Trucker, the point is not whether truckers will use the road, the point is the lies. We were told for 8 years trucks would not be allowed on the road. Then, with no warning, some council members and the mayor said yes, and acted like it was no big deal. Then, at a No presentation, Mike Morris is saying the road will not allow truckers. The vote No side is lieing and can't even get their facts straight.

written by Erin , October 30, 2007

The pretty new map that voteno is now using and passed out last night is dated March 22, 2004. It represents what was then the Balanced Vision Plan, with the tollroad on top of the levees instead of being in the park where it would now be since the Corps moved it.

More pretty pictures to deceive the voters.

written by El Rey , October 30, 2007

I asked the Mayor about the truck issue at a Southeast Dallas Chamber of Commerce Breakfast. He said engineers that are smarter than you and I have developed a way to keep harmful chemicals from entering the FLOODWAY, even in the case of a tanker spill. I have consulted with engineers since then and I can't seem to find one "smart enough" to tell me how they would do it. Every drop of antifreeze, fuel, oil, etc. that fall on the road are hazardous to the ecology of the river and those downstream. I am not sure why this is not the biggest issue over this bait and switch scam debacle in the first place... Please use some common sense when you go vote!

written by Linda , October 31, 2007

Come on. Who do they think they're fooling? Big diesel trucks are going to use this road. They are being built 12' to accomodate them.

If we build 'em, trucks will use them.

Anyone who says otherwise is lying.

written by Ralph Goin , October 31, 2007

I thought, as I approached senior citizen status, all forms of government would become more ethical. So sad it has gone just the other way and the City of Dallas so called leaders are the ones taking us in that direction. That's pathetic and they should be retired in the next election.

written by Tucker Willis , October 31, 2007

Hey, Vote For for Transparency, what is your valid argument for not putting the tollroad on the upper side of the north levee? It is above the 100 year flood line.

Hey, Brandon, you're against the tollroad no matter what in any case, eh?, so if the trucks or no trucks issue has not been resolved, what's your beef? Keep the ole conspiracy theories on the front burner.

Hey, El Rey, why the big concern over the hazardous material that might get through the filter system on the proposed tollroad, but none for the same material that goes into the river and proposed park from the existing bridges which carry about 4 times as much traffic?

NONE of you guys (and gals) will discuss THE park you are trying to protect from this awful tollroad. What will go on in it? What are its limitations? There will be walking, jogging, and biking trails, picnic areas (probably no permanent tables), lighting ?, no structures of any consequence. Will the Corps allow many trees? Nothing that can impede the water during a flood. Every so often, the whole park will be totally under water. Then there will be considerable clean up required. Central Park, not in any way shape or form. It can be a lovely open space green area that will be very marginally affected by a roadway up high on the north levee. The Zoo is on south I-35, Old City Park is on central I-30, the Nasher Scupture Center and Dallas Museum of Art are on Woodall Rogers, Griggs Park is on Central, Reverchon Park, Craddock Park, and Germany Park are on the North Tollroad. Those parks, and many others in similar juxtapositions to roadways are used and enjoyed abundantly.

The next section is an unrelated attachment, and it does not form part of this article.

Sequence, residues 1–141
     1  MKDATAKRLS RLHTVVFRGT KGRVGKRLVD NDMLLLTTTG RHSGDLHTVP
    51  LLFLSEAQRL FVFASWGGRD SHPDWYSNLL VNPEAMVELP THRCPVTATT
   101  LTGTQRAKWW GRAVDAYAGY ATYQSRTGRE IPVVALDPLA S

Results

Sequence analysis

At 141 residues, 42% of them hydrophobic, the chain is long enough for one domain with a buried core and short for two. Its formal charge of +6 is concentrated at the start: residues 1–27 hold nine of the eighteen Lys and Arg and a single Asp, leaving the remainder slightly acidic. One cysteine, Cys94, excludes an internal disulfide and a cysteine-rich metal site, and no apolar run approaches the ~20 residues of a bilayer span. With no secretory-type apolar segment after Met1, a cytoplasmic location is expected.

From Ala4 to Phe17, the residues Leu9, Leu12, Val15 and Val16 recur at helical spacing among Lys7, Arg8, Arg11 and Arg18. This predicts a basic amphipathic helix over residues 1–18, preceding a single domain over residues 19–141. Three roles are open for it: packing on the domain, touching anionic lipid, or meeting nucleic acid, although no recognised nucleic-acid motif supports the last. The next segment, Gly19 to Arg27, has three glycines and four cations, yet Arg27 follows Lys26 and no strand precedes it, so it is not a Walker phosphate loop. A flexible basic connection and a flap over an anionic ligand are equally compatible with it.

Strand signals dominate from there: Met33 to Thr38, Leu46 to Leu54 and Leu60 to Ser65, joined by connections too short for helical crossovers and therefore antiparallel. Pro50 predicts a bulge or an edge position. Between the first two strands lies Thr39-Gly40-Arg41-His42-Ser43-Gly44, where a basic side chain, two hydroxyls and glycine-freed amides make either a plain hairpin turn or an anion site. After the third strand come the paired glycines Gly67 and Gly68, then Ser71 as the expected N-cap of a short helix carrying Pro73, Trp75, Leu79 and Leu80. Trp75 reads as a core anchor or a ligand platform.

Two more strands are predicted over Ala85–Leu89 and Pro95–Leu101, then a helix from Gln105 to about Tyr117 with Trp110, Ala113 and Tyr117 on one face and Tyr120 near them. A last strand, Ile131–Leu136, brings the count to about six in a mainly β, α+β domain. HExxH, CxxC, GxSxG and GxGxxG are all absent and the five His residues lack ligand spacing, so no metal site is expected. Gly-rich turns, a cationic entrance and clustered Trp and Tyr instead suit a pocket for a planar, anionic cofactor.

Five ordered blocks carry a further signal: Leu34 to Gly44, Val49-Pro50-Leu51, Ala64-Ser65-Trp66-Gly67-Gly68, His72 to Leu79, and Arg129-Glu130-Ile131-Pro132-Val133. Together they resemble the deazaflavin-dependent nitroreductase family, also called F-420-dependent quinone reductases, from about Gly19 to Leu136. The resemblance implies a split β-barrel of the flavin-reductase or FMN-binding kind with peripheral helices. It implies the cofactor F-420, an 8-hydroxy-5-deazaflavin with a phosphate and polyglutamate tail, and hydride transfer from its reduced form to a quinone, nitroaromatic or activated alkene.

written by Sharon Boyd , October 31, 2007


The toll road can't go on the levees - east, west, north or south. Corps of Engineers ruling. We want it outside the levees or on Industrial.

A Downtown, low speed street (Nasher) is not comparable to a 55-mph toll road. When you are at the Zoo, most of the grounds and exhibits are away from the freeway. Go to and watch Brad Watson's report (couple of weeks ago) where he used NTAA's own numbers to measure off where the toll road would be, you can see how far out into the floodway it would go and how close anyone using the park would be to it.

Most of the river park facilities near the toll road will be low maintenance, no structures. The lakes are vulnerable to flooding and not my favorite components of the Trinity Project.

The toll road will flood, will be torn out from time to by the Corps when they work on the levees (they say so) and it will pollute the river.

No one has put a major road in a river floodplain because it makes no sense. Let the river be a river.

written by East Dallas Eccentric , October 31, 2007

I give up Tucker let's just pave the whole thing so everyone can race back to their sterile suburb, freeload at Parkland, make us take care of the poor and homeless, fill the outer DART parking lots and trains while not paying for it through sales taxes and then let them keep savaging our schools and city as ungrateful, racist hypocritcal morons.

written by Tucker Willis , October 31, 2007

Sharon: Come on, let's don't dwell on semantics--when I say on the upper side of the north levee you know what I mean. We're both talking about the same proposed tollroad, inside the north levee tucked against the side of the levee--higher up than the park area--good enough?
The Nasher is one service road away from Woodall Rogers that carries an average of 164,000 vehicles per day.
Most users of the park will be hundreds of yards away from the tollroad. Many parts of the Zoo are not as far from I-35.